Who reads their medical records? Most people don’t bat an eye about access while they are young and healthy. As we grow older and our bodies do not work as well as they once did, we may want our records on-hand in the event of an emergency. Many people are fighting for digital records that you can access from home, but some officials are concerned about prioritizing convenience over safety. Let’s take a look at a few pros and cons of digitizing health records, so you can decide where you stand.
Have you ever had a health emergency? It could have been tonsillitis or a broken bone. Most of us have either been in an emergency, or know someone who has. Imagine you have an emergency away from your town. Having your records on hand can be useful when you go to the hospital, especially if you have a chronic condition.
Although you may love your doctor, you never know when they will leave your office, or when you need to see a specialist. Changing doctors is infrequent, but it does happen, and having access to your records means not waiting months for your old clinic to send them over.
Seeing A Pattern
Contrary to what some doctors say, they are not always right. If you believe you have persistent symptoms, it can be useful to look through your medical records and determine how long and how often you bring this up. There are cases of patients figuring out their health problems before their doctor does, so having full access to everything the doctor has could possibly save lives.
Everyone who works in healthcare is familiar with HIPAA. This law protects patients’ safety by only allowing a select group of people access to health records. If digital records were implemented, offices would have to determine a HIPAA-compliant way to set up their patients’ accounts, which can be difficult.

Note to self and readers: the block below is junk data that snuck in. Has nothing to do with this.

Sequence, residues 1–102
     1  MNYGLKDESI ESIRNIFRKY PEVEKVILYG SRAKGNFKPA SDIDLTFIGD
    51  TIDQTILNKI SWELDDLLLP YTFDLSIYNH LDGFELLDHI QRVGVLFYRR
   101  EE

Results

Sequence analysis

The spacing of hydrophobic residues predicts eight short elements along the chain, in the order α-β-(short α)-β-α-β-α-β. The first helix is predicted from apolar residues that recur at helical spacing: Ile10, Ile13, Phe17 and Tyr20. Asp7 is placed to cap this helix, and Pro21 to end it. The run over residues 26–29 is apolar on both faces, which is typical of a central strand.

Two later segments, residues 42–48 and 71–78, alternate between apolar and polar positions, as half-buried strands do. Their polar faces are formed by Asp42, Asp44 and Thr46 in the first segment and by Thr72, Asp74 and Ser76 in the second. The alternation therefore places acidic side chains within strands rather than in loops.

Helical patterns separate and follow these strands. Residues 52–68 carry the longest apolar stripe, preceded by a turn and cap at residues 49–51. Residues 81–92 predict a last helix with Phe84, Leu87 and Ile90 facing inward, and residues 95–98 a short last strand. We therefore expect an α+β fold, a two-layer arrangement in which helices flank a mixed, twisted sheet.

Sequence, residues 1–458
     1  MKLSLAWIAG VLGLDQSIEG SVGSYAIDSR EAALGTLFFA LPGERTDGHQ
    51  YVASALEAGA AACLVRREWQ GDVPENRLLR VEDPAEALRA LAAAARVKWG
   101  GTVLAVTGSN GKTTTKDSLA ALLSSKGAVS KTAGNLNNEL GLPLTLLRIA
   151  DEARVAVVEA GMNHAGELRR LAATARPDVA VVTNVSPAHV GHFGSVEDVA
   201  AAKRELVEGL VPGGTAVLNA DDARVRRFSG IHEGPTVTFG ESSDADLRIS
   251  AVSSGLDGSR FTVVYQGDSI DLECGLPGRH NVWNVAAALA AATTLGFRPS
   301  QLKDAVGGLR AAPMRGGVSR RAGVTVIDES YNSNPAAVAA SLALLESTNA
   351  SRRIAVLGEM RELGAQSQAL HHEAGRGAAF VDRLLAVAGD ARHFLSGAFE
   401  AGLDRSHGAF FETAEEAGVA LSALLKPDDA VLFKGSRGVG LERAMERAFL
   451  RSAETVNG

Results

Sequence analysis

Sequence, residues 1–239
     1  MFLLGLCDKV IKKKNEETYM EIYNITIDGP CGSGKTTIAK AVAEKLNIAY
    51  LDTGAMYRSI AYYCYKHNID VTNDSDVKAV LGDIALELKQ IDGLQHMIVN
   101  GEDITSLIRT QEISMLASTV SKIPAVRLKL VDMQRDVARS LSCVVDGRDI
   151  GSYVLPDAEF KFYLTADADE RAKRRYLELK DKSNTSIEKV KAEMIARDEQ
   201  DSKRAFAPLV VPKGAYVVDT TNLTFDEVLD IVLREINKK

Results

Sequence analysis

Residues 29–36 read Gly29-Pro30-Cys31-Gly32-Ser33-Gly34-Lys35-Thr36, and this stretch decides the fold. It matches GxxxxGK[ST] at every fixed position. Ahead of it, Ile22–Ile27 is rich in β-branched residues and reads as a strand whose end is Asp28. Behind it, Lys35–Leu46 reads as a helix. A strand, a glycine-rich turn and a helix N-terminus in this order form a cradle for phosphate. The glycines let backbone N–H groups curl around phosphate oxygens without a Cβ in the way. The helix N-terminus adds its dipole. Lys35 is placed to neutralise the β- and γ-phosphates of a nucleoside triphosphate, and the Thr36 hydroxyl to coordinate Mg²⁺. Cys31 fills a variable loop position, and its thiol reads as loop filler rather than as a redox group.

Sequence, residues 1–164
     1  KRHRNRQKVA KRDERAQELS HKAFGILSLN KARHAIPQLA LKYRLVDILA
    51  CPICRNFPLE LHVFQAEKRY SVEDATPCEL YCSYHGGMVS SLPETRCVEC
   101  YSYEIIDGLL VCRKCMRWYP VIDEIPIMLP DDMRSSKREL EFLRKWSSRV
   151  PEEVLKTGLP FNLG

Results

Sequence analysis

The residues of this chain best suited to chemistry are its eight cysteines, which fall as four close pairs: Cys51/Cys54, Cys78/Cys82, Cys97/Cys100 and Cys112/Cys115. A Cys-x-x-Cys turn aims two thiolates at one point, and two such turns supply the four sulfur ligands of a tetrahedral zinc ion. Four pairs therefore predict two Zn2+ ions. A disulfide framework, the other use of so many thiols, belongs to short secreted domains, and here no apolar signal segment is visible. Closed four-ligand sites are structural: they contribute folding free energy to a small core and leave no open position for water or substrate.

The people who will want their records the most are the elderly and the sick. While elders can learn new technology, many of them do not exhibit the best safety practices. They may log in to the database from a public computer and save their password, for instance. While this is not the clinic’s fault, it is still a concern that should be taken seriously.
If digital records were granted to patients, there would need to be a huge increase in cyber security to prevent hacks. In the event of a hack, the damage could be devastating. Health records containing vital information could be available to the public, making the patient a target for crime or harassment. Unlike the previous point, this would be the responsibility of the tech company, making them open to a hefty lawsuit.
It is likely that we will see digital health records in our lifetime, but what risks do we take by going that route? More importantly, are the risks worth the convenience? There may not be a true answer, but I believe it is something to consider.